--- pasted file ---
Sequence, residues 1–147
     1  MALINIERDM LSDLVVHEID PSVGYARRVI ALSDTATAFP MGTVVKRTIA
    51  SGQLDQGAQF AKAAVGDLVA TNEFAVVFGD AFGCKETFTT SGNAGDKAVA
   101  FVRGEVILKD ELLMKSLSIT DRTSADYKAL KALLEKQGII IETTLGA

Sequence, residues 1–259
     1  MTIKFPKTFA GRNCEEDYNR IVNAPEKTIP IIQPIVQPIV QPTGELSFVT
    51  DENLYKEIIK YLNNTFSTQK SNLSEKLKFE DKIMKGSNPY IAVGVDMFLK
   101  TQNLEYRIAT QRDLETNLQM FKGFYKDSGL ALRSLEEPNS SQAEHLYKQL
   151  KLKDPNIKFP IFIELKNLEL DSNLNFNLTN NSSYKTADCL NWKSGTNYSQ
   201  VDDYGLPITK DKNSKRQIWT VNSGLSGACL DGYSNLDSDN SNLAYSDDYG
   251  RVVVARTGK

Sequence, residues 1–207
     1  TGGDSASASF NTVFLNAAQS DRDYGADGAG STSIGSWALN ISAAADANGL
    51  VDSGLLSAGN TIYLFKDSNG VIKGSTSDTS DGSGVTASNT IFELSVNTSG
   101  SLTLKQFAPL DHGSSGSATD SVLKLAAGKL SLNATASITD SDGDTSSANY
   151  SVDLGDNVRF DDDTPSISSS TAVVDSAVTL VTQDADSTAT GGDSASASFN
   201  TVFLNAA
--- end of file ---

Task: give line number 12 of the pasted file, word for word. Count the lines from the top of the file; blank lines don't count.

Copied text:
Sequence, residues 1–207